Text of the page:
Theory and Decision

, Volume 73, Issue 1, pp 3–34 | Cite as

Pure hyperbolic discount curves predict “eyes open” self-control

  • George Ainslie


The models of internal self-control that have recently been proposed by behavioral economists do not depict motivational interaction that occurs while temptation is present. Those models that include willpower at all either envision a faculty with a motivation (“strength”) different from the motives that are weighed in the marketplace of choice, or rely on incompatible goals among diverse brain centers. Both assumptions are questionable, but these models’ biggest problem is that they do not let resolutions withstand re-examination while being challenged by impulsive alternatives. The economists’ models all attempt to make a single equilibrium preference predictable from a person’s prior incentives. This was the original purpose of these models’ hyperboloid (“β–δ”) delay discount functions, which have been widely justified by the assumption that a person’s intertemporal inconsistency (impulsiveness) can be accounted for by the arousal of appetite for visceral rewards. Although arousal is clearly a factor in some cases of intertemporal inconsistency, it cannot be blamed for others, and furthermore does not necessarily imply hyperboloid discounting. The inadequacy of β–δ functions is particularly evident in models of internal self-control. I have reviewed several of these models, and have argued for a return to pure hyperbolic discount function as originally proposed, the relatively high tails of which can motivate a recursive process of self-prediction and thereby the formation of self-enforcing intertemporal contracts. Such a process does not require a separately motivated faculty of will, or incompatible goals among brain centers; but it also does not permit the prediction of unique preferences from prior incentives.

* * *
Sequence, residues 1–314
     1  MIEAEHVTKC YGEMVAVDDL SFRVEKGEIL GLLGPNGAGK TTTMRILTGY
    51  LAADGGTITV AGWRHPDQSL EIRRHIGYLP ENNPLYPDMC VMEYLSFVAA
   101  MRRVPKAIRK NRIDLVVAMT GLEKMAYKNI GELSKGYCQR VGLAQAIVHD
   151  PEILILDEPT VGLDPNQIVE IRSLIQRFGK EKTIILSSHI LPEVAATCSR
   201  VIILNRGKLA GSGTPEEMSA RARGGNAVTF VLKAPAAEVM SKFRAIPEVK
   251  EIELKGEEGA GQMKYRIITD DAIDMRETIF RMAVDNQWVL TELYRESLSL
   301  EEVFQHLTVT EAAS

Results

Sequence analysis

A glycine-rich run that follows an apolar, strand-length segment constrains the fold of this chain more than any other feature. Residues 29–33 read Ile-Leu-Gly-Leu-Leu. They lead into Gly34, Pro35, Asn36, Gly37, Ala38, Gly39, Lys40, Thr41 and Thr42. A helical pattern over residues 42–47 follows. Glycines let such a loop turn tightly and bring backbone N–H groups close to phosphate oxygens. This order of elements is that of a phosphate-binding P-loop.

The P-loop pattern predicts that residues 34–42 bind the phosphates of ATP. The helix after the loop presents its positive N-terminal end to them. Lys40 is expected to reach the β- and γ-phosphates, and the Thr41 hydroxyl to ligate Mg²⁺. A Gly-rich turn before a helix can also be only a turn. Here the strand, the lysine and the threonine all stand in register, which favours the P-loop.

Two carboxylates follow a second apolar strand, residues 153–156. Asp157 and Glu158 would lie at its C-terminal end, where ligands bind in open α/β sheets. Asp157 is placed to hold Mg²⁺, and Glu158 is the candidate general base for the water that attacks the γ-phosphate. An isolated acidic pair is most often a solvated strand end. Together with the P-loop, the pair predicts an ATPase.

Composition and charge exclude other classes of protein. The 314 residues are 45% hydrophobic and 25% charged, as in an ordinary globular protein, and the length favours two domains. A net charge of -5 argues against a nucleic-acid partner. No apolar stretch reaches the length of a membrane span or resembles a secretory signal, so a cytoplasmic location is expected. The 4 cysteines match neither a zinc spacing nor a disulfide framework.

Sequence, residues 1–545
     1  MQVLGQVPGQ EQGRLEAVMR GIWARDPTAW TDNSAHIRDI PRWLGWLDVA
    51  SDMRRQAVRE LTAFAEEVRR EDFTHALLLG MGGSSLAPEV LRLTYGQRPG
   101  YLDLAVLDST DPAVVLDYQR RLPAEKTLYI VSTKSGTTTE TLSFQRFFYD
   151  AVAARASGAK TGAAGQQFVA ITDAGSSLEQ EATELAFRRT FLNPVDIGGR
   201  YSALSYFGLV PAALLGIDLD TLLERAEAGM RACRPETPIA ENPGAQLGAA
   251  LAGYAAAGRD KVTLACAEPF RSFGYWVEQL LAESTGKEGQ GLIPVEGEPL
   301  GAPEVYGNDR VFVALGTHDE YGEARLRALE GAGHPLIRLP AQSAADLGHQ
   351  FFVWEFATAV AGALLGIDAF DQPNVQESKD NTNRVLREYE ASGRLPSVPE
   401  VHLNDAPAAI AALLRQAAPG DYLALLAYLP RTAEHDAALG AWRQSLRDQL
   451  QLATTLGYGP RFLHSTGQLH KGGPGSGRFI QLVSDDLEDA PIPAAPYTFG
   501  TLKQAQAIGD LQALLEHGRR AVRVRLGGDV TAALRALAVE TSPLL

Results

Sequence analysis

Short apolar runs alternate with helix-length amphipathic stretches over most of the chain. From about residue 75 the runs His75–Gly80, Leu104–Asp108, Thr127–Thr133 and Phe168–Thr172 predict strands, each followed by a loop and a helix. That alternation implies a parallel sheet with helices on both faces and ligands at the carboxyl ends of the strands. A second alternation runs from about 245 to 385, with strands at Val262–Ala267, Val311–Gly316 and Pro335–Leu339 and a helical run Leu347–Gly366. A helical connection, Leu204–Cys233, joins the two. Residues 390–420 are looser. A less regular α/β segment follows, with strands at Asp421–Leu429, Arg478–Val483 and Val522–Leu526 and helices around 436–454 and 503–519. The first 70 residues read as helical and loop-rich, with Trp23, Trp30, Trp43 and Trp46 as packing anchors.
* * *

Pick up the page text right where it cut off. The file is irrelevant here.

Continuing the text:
Hyperbolic delay discounting Intertemporal inconsistency Self-control Strength of will Intertemporal bargaining Visceral reward Self as population Economic models 


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© U S Government 2011

Authors and Affiliations

  1. 1.Veterans Affairs Medical CenterCoatesvilleUSA
  2. 2.University of Cape TownCape TownSouth Africa

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